Title IX

Betsy DeVos Withdraws 'Dear Colleague' Letter That Weaponized Title IX Against Due Process

"These documents have led to the deprivation of rights for many students."


Chris Kleponis/CNP/AdMedia/Newscom

Today Education Secretary Betsy DeVos withdrew the Obama-era letter instructing colleges to use the preponderance of evidence standard when adjudicating sexual assault.

DeVos called the previous guidelines—distributed to colleges in 2011 as part of a "dear colleague" letter, then clarified in 2014—well-intentioned but flawed.

"These documents have led to the deprivation of rights for many students—both accused students denied fair process and victims denied an adequate resolution of their complaints," reads the new "dear colleague" letter, which was signed by Acting Assistant Secretary Candice Jackson and approved by DeVos.*

The previous guidance chipped away at due process in several ways. It lowered the burden of proof to a "preponderance of the evidence" standard, which meant that accused students could be found responsible for sexual misconduct if administrators were only 51 percent convinced of the charges; it discouraged allowing the accused and accuser to cross-examine each other, reasoning that this could prove traumatizing for survivors of rape; and it stipulated that accusers should have the right to appeal contrary rulings, allowing accused students to be re-tried even after they had been judged innocent.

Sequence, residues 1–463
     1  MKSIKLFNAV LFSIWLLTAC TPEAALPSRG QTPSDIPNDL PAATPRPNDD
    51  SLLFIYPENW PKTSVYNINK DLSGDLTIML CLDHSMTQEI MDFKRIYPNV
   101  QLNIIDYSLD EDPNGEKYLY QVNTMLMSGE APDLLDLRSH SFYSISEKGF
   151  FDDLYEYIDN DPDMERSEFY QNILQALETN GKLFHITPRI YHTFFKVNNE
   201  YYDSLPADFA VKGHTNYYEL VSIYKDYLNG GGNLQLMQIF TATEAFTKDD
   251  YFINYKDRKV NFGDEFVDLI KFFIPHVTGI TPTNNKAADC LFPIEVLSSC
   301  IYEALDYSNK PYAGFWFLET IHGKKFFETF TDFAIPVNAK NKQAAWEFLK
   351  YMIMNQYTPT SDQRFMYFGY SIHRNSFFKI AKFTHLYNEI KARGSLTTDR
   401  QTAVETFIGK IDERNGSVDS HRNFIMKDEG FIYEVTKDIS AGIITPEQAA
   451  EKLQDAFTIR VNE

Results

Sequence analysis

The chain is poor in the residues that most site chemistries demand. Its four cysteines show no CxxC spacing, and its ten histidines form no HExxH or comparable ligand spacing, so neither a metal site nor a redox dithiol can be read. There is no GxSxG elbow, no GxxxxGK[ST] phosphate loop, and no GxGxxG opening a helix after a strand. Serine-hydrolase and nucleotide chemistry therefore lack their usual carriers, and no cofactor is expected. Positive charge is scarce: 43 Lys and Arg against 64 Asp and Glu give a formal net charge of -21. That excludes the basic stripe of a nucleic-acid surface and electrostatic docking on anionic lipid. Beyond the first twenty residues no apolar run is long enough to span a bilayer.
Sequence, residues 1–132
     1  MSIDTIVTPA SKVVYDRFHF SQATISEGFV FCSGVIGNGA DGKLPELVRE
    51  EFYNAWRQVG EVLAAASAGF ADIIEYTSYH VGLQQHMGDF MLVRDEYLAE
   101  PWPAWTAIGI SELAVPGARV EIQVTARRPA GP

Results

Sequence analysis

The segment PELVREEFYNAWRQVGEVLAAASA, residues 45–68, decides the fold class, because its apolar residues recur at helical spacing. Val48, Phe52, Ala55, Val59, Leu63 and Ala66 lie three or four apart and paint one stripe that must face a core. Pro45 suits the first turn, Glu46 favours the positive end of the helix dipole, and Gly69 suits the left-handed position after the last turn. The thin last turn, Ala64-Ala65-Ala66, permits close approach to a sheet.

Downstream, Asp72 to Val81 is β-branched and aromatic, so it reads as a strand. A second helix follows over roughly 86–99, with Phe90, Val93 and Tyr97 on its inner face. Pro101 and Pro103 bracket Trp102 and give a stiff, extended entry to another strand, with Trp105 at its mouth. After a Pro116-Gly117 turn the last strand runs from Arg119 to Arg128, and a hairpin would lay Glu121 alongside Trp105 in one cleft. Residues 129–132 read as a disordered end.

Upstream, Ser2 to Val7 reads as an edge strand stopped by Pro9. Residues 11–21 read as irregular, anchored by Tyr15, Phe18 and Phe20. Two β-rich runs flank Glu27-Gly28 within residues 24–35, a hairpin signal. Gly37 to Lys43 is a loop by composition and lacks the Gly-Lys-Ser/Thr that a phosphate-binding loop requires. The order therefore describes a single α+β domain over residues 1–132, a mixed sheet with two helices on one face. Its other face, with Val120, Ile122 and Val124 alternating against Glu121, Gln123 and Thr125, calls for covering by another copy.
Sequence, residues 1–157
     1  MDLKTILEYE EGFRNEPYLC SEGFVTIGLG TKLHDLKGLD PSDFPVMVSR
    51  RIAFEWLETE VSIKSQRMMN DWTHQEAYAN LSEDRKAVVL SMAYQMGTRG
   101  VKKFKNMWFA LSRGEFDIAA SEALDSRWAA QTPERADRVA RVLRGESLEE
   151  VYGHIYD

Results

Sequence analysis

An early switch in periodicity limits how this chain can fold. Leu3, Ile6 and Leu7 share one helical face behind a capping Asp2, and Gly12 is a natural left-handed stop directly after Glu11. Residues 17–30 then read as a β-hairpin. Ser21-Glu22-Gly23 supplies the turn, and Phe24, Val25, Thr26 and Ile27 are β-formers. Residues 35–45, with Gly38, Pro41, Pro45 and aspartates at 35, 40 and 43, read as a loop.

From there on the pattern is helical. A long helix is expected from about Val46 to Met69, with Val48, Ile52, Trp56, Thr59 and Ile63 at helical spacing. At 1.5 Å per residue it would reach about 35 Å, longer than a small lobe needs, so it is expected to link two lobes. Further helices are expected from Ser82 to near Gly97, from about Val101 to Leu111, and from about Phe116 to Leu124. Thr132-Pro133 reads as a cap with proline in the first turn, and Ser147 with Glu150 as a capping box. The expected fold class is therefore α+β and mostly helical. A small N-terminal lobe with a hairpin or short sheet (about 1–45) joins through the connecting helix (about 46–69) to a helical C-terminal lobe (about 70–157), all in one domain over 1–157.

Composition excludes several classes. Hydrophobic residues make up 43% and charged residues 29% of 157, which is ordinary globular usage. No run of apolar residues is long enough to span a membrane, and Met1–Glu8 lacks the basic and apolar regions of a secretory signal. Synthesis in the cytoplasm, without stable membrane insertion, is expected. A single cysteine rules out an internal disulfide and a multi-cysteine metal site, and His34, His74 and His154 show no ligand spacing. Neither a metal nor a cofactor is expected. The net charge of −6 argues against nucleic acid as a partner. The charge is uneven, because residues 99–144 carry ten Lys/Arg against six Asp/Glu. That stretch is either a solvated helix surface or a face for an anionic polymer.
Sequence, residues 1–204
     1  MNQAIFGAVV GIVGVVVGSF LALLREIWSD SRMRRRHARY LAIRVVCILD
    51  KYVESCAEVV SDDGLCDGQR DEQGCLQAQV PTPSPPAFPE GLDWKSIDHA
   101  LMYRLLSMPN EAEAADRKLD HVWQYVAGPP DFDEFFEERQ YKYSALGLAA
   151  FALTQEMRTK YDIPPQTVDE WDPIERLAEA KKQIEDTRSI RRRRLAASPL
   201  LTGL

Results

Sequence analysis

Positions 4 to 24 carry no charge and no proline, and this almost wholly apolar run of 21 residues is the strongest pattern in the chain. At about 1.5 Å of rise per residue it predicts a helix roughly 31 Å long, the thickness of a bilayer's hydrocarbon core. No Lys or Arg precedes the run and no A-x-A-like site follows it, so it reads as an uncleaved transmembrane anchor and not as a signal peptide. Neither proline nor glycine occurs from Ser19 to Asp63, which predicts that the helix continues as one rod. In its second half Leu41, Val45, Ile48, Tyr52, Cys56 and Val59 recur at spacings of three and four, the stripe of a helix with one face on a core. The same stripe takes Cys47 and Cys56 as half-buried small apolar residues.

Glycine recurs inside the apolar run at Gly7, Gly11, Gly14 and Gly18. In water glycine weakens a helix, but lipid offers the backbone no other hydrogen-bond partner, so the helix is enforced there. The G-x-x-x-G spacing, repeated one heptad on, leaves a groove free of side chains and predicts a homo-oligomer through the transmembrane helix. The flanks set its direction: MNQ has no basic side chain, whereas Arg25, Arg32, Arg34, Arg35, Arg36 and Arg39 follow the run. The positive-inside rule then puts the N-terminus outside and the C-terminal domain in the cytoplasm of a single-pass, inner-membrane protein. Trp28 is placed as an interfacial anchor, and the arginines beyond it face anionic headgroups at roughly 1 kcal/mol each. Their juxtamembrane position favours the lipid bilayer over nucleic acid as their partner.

The letter correctly notes that the Obama-era interpretation of Title IX was never subjected to public notice and comment—an inappropriate course of action, given that the guidance was essentially a new rule rather than a clarification of an existing rule.

The Education Department is formulating a new approach to Title IX sexual misconduct adjudication. In the meantime, the public is invited to refer to an interim Q&A-style document.

Given the massive issues with Title IX enforcement on campus, this is a promising step. If university administrators are going to be involved in the process of investigating sexual harassment and assault, they should do so in accordance with principles of basic fairness.

Given how invested many survivors' advocacy groups are in the previous, flawed Title IX procedures, it will be interesting to see their reaction to this news. Several former Obama staffers have already set up a legal defense fund to fight DeVos in court if she tries to "roll back Title IX protections…in ways we think are illegal," former Department of Education staffer Aaron Ament told Politico. One of the members of the group's advisory board is Catherine Lhamon, now chair of the U.S. Commission on Civil Rights and former head of the Obama Education Department's Office for Civil Rights, the subagency responsible for the previous Title IX approach.

*This sentence was updated to clarify Jackson's role.